Many people experience these types of issues, but not everyone is aware of their legal options. A 2009 Department of Justice report found that over 85 percent of people surveyed did not seek legal help when facing these and other types of problems.
You may be pleased to know, however, that for anyone needing legal assistance in Ontario, The Law Society of Upper Canada provides several free resources.
The quick reference guide, Handling Everyday Legal Problems, is a good place to start. The guide maps out legal information sources and free and low-cost legal service providers. A version of the guide focuses on Indigenous legal services and is available in three First Nation languages, including Cree, Oji-Cree, and Northwestern Ojibway.
You can also access a lawyer or paralegal for a free, up to 30-minute consultation through the Law Society’s Referral Service at www.findlegalhelp.ca. You can ask for a referral to a lawyer or paralegal who speaks your language, or a lawyer who accepts legal aid certificates.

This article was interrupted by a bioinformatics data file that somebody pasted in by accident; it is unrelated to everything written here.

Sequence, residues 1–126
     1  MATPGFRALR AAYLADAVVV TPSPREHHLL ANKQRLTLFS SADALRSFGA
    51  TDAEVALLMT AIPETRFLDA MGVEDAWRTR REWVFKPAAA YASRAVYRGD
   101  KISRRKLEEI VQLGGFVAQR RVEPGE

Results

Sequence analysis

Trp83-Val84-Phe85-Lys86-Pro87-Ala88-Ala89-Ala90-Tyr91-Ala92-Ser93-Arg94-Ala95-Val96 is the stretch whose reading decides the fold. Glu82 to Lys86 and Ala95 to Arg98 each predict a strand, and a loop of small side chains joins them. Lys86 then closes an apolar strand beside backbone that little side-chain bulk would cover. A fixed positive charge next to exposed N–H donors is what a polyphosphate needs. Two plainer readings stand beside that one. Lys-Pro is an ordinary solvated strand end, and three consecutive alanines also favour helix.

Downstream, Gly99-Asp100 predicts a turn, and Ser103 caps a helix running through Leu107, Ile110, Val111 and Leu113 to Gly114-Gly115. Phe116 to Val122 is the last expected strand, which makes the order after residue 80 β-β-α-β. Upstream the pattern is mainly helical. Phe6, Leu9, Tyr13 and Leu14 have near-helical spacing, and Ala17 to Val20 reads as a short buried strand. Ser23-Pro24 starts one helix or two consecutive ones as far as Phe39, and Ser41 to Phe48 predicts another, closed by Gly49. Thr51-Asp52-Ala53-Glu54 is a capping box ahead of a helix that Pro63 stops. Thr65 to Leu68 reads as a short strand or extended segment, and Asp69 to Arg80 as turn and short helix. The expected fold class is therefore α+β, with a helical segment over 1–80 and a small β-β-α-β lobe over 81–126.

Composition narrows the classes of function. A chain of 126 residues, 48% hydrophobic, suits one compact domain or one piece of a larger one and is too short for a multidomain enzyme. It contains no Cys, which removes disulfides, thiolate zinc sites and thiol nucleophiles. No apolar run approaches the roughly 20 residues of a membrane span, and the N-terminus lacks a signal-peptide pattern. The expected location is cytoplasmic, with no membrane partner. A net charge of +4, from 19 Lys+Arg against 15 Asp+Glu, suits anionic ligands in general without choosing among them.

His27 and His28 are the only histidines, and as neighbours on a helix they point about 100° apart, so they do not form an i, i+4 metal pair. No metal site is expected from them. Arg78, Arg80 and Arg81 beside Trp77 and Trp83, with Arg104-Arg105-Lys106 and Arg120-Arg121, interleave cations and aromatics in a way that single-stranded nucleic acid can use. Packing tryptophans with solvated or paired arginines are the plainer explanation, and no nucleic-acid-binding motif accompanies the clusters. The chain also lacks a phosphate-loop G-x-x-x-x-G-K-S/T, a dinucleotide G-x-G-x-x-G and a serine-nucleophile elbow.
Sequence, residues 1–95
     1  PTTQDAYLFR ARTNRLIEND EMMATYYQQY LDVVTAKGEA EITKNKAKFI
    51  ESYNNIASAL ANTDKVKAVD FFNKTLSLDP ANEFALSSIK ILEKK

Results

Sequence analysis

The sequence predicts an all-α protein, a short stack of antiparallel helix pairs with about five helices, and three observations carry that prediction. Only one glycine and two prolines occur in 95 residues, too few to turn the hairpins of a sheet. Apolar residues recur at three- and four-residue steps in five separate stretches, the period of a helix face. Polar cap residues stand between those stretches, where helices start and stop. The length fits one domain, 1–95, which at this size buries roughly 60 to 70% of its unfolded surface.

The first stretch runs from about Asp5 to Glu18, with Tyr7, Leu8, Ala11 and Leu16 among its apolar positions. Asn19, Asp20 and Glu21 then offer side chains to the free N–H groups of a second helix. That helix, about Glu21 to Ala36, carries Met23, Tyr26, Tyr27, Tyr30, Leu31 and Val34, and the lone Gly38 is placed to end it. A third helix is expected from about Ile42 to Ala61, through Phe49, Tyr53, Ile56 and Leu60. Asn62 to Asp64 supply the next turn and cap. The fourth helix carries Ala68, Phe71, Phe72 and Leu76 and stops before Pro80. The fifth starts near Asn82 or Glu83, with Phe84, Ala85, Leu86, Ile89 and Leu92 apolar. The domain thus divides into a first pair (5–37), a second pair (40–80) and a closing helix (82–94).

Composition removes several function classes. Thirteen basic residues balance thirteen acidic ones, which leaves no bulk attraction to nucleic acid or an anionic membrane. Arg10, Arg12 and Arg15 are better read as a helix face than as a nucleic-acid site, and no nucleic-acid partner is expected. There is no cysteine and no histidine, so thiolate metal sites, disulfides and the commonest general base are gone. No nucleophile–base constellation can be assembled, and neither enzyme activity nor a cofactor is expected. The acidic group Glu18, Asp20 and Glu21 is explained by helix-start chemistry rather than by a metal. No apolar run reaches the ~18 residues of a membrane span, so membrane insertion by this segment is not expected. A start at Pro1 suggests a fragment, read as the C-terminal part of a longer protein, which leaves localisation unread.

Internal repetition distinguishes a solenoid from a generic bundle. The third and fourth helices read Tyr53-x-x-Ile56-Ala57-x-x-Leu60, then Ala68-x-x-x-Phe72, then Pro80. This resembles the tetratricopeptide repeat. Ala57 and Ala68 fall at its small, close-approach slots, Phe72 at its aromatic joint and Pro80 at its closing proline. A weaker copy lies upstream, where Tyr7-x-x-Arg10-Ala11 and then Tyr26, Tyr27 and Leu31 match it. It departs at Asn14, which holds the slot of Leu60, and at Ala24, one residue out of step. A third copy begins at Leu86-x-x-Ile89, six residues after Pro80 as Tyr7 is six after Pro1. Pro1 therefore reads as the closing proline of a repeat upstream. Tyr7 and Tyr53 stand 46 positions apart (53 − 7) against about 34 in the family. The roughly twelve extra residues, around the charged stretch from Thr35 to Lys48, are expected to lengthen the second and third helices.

People unable to use the online service, such as those in a shelter, in custody or residing in a remote community without internet access, can call a crisis line which is available during regular business hours at 1-855-947-5255 or 416-947-5255.
The Law Society’s online Lawyer and Paralegal Directory is another useful tool to find legal help and it is searchable by name, location, and legal practice area. If you already have a particular individual in mind, you can check the directory to ensure that person is licensed.
Help is only a click or phone call away. Use these free resources to explore your options. They are all available at www.lsuc.on.ca. – NewsCanada